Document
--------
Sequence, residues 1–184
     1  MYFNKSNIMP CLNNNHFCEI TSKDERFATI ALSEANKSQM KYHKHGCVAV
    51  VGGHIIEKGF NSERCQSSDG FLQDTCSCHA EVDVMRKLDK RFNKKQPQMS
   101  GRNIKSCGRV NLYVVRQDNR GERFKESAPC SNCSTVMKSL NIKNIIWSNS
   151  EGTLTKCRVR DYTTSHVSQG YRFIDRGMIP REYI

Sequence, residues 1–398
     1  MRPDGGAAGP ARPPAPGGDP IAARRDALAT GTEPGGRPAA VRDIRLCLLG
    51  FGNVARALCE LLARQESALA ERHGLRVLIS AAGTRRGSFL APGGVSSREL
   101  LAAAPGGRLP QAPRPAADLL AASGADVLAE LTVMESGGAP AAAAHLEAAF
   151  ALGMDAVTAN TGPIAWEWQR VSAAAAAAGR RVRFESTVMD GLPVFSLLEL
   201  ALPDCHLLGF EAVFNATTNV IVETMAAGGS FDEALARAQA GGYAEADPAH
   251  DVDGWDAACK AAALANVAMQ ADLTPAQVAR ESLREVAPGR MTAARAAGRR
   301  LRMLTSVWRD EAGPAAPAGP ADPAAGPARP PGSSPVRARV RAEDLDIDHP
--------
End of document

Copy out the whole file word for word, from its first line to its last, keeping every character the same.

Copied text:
Sequence, residues 1–184
     1  MYFNKSNIMP CLNNNHFCEI TSKDERFATI ALSEANKSQM KYHKHGCVAV
    51  VGGHIIEKGF NSERCQSSDG FLQDTCSCHA EVDVMRKLDK RFNKKQPQMS
   101  GRNIKSCGRV NLYVVRQDNR GERFKESAPC SNCSTVMKSL NIKNIIWSNS
   151  EGTLTKCRVR DYTTSHVSQG YRFIDRGMIP REYI

Sequence, residues 1–398
     1  MRPDGGAAGP ARPPAPGGDP IAARRDALAT GTEPGGRPAA VRDIRLCLLG
    51  FGNVARALCE LLARQESALA ERHGLRVLIS AAGTRRGSFL APGGVSSREL
   101  LAAAPGGRLP QAPRPAADLL AASGADVLAE LTVMESGGAP AAAAHLEAAF
   151  ALGMDAVTAN TGPIAWEWQR VSAAAAAAGR RVRFESTVMD GLPVFSLLEL
   201  ALPDCHLLGF EAVFNATTNV IVETMAAGGS FDEALARAQA GGYAEADPAH
   251  DVDGWDAACK AAALANVAMQ ADLTPAQVAR ESLREVAPGR MTAARAAGRR
   301  LRMLTSVWRD EAGPAAPAGP ADPAAGPARP PGSSPVRARV RAEDLDIDHP